Statistics of deaths on UK roads, 1999-2008
The UK police authorities have released data covering all road traffic related fatalities for the past 10 years, during which time some interesting trends have emerged.
Death on Britain's roads
First, some headline numbers that make for unsavoury reading. In 2008 2,538 people died and around a quarter of a million injured on British. This makes traffic accidents the largest single cause of death for people between ages 5 and 35.
However, the good news is that these figures are much improved from 10 years ago. In fact, they are down 25% compared to 1999, which means 1,000 less people have died on Great Britain's roads. What are the reasons for this huge improvement?
Firstly, improved car design. European standards have transformed the average car into a far safer vehicle for drivers, passengers and pedestrians alike. Consumers now buy cars on the strength of their safety ratings, and manufacturers compete to offer the best rated cars.
Secondly, road design. Traffic calming measures are now commonplace, with speed bumps and more controversially speed cameras bring down average speeds in built-up areas. 10 years ago, two thirds of drivers would be travelling at over 30 mph. Now that proportion is down to less than half.
Thirdly, driver behaviour and responsibility is markedly improved. Years of drink driving campaigns have turned a once accepted practise into a decidely anti-social activity. And yet still 20% of fatalities are caused by drivers under the influence, and other drugs becoming a larger problem.
The dangers of weather conditions and time
A few myths are debunked by the statistics. Given the varied weather across the UK, it is surprising that 83% of deaths occured when the weather was reported as fine. Rain, snow, fog and other conditions have perhaps been mitigated by improvements in engineering design.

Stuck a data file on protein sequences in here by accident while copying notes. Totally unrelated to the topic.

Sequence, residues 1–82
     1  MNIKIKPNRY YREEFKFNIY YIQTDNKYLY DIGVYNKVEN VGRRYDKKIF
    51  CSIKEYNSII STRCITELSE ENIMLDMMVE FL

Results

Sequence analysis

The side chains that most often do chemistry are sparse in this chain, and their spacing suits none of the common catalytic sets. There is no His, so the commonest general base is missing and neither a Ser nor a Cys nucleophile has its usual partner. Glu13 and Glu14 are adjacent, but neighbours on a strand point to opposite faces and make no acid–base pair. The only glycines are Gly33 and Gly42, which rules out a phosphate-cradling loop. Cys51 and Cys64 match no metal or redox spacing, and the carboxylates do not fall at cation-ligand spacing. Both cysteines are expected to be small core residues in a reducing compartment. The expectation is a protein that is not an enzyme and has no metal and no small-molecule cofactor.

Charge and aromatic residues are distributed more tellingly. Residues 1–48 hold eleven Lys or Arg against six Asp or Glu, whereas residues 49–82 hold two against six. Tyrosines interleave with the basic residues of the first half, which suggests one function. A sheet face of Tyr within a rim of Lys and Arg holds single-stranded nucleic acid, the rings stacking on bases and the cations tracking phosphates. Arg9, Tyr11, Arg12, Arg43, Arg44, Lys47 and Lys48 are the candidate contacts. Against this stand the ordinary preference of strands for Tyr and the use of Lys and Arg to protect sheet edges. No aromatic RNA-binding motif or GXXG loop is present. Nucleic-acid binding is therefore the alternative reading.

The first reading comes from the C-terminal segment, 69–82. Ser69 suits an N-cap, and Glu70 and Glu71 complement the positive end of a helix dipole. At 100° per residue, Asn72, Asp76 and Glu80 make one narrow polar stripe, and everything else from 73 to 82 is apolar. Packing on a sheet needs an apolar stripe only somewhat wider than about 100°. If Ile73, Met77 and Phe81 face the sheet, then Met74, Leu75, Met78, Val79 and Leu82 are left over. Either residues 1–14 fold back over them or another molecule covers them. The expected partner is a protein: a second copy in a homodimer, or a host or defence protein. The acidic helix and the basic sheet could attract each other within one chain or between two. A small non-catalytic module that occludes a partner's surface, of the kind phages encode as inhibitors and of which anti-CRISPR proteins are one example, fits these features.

Looking at the incidents by time of day/week, another interesting trend emerges. Monday and Tuesday rush hours are the most dangerous (accidents between 7am and 9am account for 12% - 13% of the daily total), but then as the working week progresses the early commute seems to become safer (the same 2 hours on Friday account for just 6%).
However, the opposite trend can been seen for the drive home from work. Monday between 4pm and 6pm accounts for 12% of the deaths, compared to 18% on a Friday.
Drink related incidents can clearly been seen as spikes on weekend days around midnight.
Young and old
As expected drivers between 17 and 25 cause the highest number of deaths. Inexperience and over-exhuberence are obvious causes.
Going up through the age brackets the proportion of incidents decreases as drivers become calmer and more experienced... until the over 75 range who cause double the number of deaths than their 66-75 peers.
The timings of accidents caused by these two groups also merit attention. Between 6pm and 6am, 17 to 25 year old drivers experience 66% of their fatal accidents. The complete opposite is true of the 75+ group - only 16% of their fatal accidents occur in these later hours. In fact, out of the 289 deaths reported for people over 75, not a single one of them occured between midnight and 6am.
The BBC have in-depth section dedicated to the statistics called Crash, with some thought provoking first hand stories, and a selection of well designed tools to visually view and compare the statistics.